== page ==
NY Open: May Day for dissidents?
UK Prime Minister Theresa May could have the last laugh of the day after all with oddsmakers placing her chances of overcoming this evening's Conservative Party confidence vote at 86%.
Sterling has been blasted lower after Bank of England governor Mark Carney cast doubt on a previously pretty-much-expected UK May rate hike. The European Union's rejection of Britain's latest Brexit-Irish border plan only served to deepen the rot. "The sterling rally is pretty much done and dusted," says John Hardy, Saxo's head of FX strategy.
"The most volatile currency this week has been GBP. Carney was trying to peddle the message that while he does see rate hikes out in the future, there is also weakness in the UK economy," Hardy adds.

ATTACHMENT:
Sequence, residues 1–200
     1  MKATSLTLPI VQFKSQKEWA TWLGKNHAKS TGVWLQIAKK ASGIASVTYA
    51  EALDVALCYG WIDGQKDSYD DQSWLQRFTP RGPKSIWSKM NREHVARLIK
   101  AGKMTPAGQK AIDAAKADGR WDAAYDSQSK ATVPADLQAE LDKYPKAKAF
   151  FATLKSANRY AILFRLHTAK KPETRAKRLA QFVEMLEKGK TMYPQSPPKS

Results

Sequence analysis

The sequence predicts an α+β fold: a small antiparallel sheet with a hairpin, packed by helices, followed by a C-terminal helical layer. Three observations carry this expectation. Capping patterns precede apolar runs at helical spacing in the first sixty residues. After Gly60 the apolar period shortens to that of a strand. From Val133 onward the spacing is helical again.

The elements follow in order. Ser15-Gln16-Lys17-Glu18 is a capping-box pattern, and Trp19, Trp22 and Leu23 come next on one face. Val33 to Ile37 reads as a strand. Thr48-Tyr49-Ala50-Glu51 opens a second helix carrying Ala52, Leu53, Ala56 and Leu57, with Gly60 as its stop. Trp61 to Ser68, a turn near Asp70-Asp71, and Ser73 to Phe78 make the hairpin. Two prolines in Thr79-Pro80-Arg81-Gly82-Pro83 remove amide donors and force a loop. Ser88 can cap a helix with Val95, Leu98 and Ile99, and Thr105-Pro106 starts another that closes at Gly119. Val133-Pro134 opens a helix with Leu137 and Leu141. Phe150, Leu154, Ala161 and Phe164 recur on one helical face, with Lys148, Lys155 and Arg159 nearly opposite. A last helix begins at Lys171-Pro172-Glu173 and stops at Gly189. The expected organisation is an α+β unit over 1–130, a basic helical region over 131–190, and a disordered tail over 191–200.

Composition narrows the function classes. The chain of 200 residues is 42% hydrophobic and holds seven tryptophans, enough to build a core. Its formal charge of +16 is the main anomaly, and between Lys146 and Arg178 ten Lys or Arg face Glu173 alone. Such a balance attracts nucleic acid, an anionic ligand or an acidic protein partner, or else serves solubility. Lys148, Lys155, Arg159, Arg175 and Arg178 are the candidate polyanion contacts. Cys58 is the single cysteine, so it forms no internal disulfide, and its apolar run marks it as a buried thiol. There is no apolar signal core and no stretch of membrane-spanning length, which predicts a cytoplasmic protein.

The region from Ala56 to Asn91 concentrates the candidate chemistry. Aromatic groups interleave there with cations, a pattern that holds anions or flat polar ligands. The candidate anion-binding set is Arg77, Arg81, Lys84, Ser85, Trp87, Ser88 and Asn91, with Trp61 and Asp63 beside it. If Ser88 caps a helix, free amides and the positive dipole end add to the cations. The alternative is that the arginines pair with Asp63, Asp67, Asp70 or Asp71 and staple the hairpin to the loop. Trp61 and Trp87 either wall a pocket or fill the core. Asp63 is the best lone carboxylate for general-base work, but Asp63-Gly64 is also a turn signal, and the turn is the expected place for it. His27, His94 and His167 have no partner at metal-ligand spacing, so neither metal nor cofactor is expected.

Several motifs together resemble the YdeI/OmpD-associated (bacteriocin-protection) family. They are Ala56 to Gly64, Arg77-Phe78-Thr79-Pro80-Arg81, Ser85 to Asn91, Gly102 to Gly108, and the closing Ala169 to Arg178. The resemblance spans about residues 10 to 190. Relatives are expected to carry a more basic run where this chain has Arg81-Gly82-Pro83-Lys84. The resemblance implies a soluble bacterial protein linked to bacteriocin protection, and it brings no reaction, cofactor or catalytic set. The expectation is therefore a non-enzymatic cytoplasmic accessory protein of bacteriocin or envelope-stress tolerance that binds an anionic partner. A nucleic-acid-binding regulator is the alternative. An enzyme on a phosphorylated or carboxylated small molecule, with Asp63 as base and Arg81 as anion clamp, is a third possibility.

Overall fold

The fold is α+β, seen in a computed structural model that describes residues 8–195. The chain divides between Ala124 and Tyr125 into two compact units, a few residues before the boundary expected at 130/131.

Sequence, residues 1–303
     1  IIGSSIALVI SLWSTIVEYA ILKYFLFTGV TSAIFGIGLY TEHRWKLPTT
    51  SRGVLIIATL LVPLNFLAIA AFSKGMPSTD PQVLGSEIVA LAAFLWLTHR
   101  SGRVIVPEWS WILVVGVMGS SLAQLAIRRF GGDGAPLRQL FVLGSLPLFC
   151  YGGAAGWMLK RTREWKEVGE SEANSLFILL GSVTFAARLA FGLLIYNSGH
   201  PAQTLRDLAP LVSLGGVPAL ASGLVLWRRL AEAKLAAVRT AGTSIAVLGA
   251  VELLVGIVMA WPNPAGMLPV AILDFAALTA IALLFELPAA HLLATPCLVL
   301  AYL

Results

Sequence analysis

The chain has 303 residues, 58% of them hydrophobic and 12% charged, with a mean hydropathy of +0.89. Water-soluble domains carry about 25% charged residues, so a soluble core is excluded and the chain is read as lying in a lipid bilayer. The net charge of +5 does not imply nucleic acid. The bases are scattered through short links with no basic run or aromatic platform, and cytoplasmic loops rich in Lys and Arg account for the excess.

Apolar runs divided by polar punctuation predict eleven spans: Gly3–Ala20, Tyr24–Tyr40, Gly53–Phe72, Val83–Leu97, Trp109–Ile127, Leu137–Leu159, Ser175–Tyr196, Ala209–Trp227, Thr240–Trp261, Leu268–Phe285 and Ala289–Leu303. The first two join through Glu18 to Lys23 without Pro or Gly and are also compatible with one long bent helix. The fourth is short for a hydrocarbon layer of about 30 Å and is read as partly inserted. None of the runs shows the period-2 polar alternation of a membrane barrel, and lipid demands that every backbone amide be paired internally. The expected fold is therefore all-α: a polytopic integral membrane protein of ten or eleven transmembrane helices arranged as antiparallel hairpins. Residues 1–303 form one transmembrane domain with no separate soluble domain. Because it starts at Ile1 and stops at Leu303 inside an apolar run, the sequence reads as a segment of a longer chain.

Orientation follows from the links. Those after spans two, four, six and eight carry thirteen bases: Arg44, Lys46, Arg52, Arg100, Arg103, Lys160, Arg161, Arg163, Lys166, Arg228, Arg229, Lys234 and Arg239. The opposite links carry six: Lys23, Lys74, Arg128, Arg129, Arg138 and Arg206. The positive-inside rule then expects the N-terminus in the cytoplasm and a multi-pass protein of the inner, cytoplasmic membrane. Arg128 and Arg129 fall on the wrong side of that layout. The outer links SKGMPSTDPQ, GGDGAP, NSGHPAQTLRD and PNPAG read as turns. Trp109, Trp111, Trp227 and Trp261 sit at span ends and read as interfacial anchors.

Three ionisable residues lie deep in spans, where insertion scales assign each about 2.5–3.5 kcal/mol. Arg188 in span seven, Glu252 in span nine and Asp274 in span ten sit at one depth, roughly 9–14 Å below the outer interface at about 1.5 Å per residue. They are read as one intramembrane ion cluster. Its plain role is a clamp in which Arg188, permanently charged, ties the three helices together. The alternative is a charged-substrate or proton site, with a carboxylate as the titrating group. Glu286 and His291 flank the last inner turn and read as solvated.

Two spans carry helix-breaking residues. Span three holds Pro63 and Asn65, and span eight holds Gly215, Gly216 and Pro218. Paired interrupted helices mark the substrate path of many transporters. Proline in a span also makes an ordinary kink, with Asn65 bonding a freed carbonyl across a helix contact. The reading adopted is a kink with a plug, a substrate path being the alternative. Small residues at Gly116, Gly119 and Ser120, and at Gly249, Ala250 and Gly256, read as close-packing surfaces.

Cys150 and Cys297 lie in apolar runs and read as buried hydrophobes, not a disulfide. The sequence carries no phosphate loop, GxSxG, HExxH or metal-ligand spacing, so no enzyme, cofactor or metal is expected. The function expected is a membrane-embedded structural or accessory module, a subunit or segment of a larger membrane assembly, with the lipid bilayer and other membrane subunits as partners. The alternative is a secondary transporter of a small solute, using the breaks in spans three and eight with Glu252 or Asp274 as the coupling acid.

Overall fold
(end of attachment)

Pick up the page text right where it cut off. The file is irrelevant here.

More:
For sterling, these factors mean that poor sentiment will persist pending "something very dramatic" on the Brexit front.
Elsewhere, the Australian dollar is reversing lower against it US counterpart, but higher against the kiwi while the greenback itself is perking up on the back of weakening risk appetite and higher US bond yields.
Meanwhile, over in equities, Saxo Bank head of equity strategy Peter Garnry says that the situation surrounding the beleaguered Rusol aluminium producer "has been catapulted to the highest level". US sanctions against Russia are preventing the company from selling its wares and this is beginning to have a negative impact on the global car industry, especially in Europe.
"In a worst-case scenario this could have a material impact on European growth," Garnry says.